Fast forward to Sunday night and Belichick isn’t concerned about Crennel’s resume. He’s more focused on containing Crennel’s defense and figuring a way to keep Tom Brady safe and upright, a key to coming out of Houston with a win.

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Read More: Bill Belichick, Bill Parcells, houston texans, j.j. watt
How Bill Parcells links Bill Belichick and Dan Campbell 10.28.15 at 8:17 pm ET
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FOXBORO — The Bill Parcells coaching tree will extend some unlikely branches Thursday when the Patriots host the Dolphins at Gillette Stadium.

Dan Campbell, 39, is in his third game as interim head coach of the Dolphins. Bill Belichick, 63, is in his 41st season of NFL coaching, including his 16th as head coach of the four-time Super Bowl champion Patriots.

Their connection to the 74-year-old Parcells brings them together on Thursday night with some common bonds.

Campbell played three seasons as a tight end in Dallas for Parcells from 2003-05. He began his coaching career in 2010 in Miami, Parcells’ last of three seasons as Executive Vice President of Football Operations with the Dolphins. Belichick spent three different stints with Parcells (1983-90), Patriots (1996) and with the Jets (1997-99). Belichick was asked Wednesday what he learned after 12 seasons working with Parcells.

“Quite a bit. Bill and I were together for a long time. I think Bill has got a lot of strengths. One of them would be the big picture.”

What is that big picture?

“What are the three, four, five most important things we have to do this year, this week to be a good team? I mean, there are a thousand things, but he would identify what the big things were and concentrate on those,” Belichick said. “You can’€™t lose sight of those.

With Campbell’s early two-game success using a fiery and inspirational approach, has Belichick seen any Parcells in the new Miami coach?

“I don’€™t know. They’€™ve obviously played very well, so how closely that’€™s connected or not connected, I don’€™t know,” Belichick said. “That’€™s probably something Dan could speak on.”

And Campbell did speak on exactly that topic on Tuesday during a conference call.

“€œOh yeah, we talked, he’€™s one of the first people I talked to when everything that transpired here and he’€™s been a huge asset for me,” Campbell said of Parcells. “Obviously, I have a ton of respect for Bill and any advice that he gives and he’€™s somebody that I will continue to talk to from time-to-time. It’€™s probably been almost two weeks now, it’€™s pretty much the same as to a lot of the coaches I’€™ve talked to, it was ‘€˜Be you and change things up,’€™ that was the common theme.”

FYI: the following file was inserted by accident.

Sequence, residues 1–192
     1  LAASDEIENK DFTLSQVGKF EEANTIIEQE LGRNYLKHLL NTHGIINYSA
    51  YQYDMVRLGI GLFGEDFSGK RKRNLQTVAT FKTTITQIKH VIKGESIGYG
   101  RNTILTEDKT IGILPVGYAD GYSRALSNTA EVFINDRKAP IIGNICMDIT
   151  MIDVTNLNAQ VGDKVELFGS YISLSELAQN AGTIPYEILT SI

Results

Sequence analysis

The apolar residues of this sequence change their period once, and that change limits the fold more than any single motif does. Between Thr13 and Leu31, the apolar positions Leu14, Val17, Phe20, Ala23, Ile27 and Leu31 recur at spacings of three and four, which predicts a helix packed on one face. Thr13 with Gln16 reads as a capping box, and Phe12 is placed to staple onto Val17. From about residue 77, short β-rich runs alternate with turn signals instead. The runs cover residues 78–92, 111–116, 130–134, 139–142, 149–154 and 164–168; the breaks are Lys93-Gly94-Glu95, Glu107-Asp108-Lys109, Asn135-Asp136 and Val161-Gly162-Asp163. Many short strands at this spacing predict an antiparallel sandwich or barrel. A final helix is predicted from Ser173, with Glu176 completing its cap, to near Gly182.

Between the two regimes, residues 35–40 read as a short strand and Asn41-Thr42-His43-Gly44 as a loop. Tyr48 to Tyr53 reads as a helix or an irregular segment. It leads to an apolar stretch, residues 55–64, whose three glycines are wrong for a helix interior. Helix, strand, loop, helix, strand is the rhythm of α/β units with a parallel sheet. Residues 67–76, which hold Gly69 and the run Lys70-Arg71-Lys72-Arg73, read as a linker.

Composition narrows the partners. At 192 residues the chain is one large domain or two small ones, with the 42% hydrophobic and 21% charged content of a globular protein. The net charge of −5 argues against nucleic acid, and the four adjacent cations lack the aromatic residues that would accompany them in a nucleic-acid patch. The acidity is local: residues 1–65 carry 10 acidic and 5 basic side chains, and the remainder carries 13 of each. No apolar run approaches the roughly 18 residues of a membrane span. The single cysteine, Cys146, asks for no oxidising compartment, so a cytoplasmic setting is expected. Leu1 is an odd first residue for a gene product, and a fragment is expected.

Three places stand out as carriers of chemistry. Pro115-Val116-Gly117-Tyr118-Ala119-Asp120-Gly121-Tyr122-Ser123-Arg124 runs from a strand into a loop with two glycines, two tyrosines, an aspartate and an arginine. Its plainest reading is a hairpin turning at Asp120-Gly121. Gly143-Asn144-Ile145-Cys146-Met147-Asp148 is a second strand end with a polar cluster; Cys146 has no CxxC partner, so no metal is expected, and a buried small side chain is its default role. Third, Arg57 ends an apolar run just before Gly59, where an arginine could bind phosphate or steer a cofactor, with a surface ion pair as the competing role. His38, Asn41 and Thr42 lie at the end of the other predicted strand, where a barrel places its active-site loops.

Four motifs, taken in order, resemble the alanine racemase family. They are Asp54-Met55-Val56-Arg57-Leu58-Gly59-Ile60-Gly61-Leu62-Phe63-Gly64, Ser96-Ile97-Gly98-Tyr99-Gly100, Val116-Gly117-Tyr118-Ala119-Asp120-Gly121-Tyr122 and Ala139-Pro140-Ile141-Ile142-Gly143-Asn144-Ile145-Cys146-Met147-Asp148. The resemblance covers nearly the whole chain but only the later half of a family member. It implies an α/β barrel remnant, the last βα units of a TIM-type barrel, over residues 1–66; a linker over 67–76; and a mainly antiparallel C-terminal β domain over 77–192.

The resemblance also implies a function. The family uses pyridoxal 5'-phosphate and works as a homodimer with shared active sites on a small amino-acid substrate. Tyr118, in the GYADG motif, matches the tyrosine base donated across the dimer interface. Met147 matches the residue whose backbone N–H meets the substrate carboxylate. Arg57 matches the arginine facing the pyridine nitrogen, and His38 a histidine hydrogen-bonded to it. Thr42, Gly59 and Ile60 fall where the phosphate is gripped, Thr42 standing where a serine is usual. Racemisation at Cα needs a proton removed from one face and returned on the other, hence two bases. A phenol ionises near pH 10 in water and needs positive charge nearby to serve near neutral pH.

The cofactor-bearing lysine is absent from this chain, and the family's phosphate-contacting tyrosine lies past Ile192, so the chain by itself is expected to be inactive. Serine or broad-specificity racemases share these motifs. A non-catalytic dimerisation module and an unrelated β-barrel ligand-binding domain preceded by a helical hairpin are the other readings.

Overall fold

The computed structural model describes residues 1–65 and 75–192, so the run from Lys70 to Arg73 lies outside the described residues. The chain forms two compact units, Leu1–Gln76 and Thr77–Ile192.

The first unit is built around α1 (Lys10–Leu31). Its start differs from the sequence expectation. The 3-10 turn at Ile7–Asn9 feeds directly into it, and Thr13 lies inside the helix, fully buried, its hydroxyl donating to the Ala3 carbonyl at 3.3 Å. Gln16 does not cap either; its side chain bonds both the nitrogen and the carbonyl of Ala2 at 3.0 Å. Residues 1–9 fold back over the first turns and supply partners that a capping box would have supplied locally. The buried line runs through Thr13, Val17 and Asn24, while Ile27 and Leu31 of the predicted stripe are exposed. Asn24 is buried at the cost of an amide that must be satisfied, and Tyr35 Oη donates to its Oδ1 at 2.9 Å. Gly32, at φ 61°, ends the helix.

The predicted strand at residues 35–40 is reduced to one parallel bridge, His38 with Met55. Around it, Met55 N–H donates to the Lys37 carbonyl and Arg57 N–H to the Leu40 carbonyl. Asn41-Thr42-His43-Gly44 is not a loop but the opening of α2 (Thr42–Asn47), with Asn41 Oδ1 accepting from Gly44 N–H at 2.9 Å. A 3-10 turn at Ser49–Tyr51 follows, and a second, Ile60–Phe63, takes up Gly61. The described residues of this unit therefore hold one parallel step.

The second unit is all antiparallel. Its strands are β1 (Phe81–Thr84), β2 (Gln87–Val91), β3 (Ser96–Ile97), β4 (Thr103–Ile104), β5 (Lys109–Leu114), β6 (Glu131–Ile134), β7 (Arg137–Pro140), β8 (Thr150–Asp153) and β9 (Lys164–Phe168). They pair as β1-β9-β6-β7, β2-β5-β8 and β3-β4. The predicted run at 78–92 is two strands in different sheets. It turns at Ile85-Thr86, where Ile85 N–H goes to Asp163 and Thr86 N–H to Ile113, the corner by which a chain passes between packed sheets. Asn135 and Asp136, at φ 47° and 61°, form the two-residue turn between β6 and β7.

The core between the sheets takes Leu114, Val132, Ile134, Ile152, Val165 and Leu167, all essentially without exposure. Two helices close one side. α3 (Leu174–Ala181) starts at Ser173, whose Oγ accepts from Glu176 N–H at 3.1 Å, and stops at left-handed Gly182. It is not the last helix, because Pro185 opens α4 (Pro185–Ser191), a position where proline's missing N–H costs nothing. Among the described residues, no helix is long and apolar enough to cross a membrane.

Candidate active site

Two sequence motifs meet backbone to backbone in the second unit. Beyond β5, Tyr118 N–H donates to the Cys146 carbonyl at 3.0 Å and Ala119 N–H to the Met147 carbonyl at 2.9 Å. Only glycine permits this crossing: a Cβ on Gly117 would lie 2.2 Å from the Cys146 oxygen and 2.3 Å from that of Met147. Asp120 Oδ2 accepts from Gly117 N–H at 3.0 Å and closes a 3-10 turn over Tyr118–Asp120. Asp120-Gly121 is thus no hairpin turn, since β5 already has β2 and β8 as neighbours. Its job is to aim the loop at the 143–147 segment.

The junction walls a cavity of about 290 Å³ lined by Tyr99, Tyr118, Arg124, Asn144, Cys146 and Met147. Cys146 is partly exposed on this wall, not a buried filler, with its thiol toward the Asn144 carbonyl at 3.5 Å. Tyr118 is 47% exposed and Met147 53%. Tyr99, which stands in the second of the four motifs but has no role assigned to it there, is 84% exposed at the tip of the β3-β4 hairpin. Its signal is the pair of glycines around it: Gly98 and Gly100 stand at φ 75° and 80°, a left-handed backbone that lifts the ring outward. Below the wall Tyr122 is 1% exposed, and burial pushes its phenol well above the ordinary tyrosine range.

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Read More: Bill Belichick, Bill Parcells, Dallas Cowboys, Dan Campbell
How Troy Brown gave Bill Belichick some valuable perspective on cutdown process 08.31.15 at 12:44 pm ET
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Troy Brown has always had the ear of Tom Brady and Bill Belichick.   (Doug Benc/Getty Images)

Troy Brown has always had the ear of Tom Brady and Bill Belichick. (Doug Benc/Getty Images)

FOXBORO — Turns out, Bill Belichick does listen to the media, at least when one of those media members is a respected former player.

Troy Brown certainly fits in that category. On Monday, Belichick shared an experience he had recently when he heard Troy Brown speak about the NFL cutdown process from a player’s perspective.

“I think Troy Brown made a comment a couple of weeks ago when he said, ‘I knew that when I came into the league, I knew that it was a long shot for me to make a team. I was probably going to get cut and all that. I felt like my job every day was to make it as hard as possible for Coach Parcells to make that decision. I wanted to make his job tough for him to cut me,'” Belichick said.

Belichick said he and his staff are in a tough spot for a very good reason. Many of his players in different groups have battled hard to make the decision on whether to cut or keep a player very challenging. In two particular groups, wide receiver and running back, especially the third-down back spot, it’s going to be razor-thin.

“It’s definitely made it hard. We’ve have a lot of guys do that,” Belichick said.

“I’d say there have been a number of guys that have done that this year in preseason. They’ve kind of taken that phrase that Troy used and really have done that. They’ve forced us to make some hard decisions because of how competitively they’ve played and vice versa. Guys at a spot where there’s a lot of competition, instead of one or two guys rising and one or two guys fading out, in some cases several members of that group have all competitively risen the level of their game to make some very tough decisions.”